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ERIC Number: ED429491
Record Type: Non-Journal
Publication Date: 1998-May
Pages: 20
Abstractor: N/A
Reference Count: N/A
The Effects of Entering Characteristics and College Experiences on Student Satisfaction and Degree Completion: An Application of the Input-Environment-Outcome Assessment Model.
House, J. Daniel
This study investigated the contributions of entering characteristics and college experiences on student satisfaction and degree completion using the input-environment-outcome assessment model developed by A. W. Astin (1995). A total of 594 college students who had started college about 5 years previously completed a survey about their college experiences. Data from this survey was merged with data provided by the students at the time they began college. It was found that students who spent more hours commuting tended to spend fewer hours per week studying and doing homework. Students who spent more hours per week studying and doing homework and who worked on a group project in class were more likely to be satisfied with their overall instruction in college. It was also found that students with higher high school grade point averages tended to have higher self-ratings of their overall academic ability and higher expectations of graduating with honors. Students with higher high school grades, higher self-ratings of their academic ability, and greater expectations of graduating with honors were more likely to earn a bachelor's degree and to be satisfied with their college experience. (Contains 31 references.) (MDM)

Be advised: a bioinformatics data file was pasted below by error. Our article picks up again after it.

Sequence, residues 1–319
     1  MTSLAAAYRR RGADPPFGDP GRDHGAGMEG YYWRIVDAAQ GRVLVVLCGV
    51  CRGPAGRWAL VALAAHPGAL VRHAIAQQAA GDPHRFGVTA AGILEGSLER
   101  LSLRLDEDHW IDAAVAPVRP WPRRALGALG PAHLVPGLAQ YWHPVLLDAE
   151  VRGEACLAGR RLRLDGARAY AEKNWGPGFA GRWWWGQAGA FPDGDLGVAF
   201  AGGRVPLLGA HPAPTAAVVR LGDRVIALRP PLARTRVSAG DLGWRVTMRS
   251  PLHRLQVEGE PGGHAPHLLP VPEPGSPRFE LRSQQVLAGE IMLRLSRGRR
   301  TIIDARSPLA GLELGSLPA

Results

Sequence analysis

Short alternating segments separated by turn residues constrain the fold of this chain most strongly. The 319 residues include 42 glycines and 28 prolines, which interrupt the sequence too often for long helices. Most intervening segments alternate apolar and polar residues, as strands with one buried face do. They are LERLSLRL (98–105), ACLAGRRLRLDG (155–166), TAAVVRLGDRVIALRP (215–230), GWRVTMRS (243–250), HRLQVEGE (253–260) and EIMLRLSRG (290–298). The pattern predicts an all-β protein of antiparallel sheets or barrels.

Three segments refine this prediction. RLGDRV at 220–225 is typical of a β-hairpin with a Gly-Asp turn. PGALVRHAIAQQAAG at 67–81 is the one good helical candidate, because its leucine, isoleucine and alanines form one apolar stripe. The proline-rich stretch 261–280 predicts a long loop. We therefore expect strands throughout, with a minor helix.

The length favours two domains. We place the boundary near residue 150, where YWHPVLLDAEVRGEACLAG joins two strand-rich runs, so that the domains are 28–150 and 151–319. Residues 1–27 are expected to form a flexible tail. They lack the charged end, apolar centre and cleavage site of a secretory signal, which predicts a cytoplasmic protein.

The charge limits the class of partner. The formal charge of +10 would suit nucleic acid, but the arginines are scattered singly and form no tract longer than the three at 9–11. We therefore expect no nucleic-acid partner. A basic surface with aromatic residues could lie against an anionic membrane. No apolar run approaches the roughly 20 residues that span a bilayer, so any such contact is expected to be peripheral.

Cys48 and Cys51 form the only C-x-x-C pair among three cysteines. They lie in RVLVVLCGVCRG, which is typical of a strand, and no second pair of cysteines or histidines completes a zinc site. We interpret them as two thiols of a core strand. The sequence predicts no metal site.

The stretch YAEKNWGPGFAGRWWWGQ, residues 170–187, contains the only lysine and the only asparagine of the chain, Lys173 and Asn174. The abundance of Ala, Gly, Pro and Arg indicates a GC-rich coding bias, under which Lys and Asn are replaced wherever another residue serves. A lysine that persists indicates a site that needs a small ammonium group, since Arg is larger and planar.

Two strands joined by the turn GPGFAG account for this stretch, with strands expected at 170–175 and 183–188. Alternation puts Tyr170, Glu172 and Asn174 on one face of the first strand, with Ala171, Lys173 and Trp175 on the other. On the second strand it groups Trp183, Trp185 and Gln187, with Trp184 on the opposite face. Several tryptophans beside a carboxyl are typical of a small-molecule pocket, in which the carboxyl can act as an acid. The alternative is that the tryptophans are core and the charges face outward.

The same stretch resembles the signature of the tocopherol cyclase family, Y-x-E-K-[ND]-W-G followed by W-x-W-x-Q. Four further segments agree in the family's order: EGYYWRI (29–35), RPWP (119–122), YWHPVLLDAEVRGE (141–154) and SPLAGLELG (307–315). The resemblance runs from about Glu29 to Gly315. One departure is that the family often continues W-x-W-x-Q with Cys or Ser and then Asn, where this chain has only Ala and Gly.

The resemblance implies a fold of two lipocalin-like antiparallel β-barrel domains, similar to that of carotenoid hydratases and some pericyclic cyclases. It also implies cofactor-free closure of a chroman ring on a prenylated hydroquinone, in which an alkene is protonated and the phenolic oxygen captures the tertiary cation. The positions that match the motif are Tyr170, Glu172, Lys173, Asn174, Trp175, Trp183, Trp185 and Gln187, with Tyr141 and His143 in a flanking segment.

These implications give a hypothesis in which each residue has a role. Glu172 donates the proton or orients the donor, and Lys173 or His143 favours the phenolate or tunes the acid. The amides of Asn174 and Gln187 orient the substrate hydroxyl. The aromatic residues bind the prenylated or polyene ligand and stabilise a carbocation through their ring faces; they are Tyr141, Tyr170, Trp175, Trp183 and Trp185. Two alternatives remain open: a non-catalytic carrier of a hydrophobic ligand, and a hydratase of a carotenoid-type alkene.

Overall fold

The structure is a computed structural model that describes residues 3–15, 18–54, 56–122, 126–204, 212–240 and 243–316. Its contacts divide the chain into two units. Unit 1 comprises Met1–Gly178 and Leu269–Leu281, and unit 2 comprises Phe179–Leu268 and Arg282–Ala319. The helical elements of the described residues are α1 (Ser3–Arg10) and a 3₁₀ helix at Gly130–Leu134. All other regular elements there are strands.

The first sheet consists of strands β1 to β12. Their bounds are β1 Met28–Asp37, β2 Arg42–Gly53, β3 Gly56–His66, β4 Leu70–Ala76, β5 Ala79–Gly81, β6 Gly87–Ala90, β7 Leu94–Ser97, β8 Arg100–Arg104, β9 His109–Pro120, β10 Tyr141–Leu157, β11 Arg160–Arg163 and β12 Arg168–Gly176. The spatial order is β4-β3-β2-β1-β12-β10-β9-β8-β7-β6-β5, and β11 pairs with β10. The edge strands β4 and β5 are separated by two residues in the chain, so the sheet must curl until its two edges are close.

Publication Type: Reports - Research; Speeches/Meeting Papers
Education Level: N/A
Audience: N/A
Language: English
Sponsor: N/A
Authoring Institution: N/A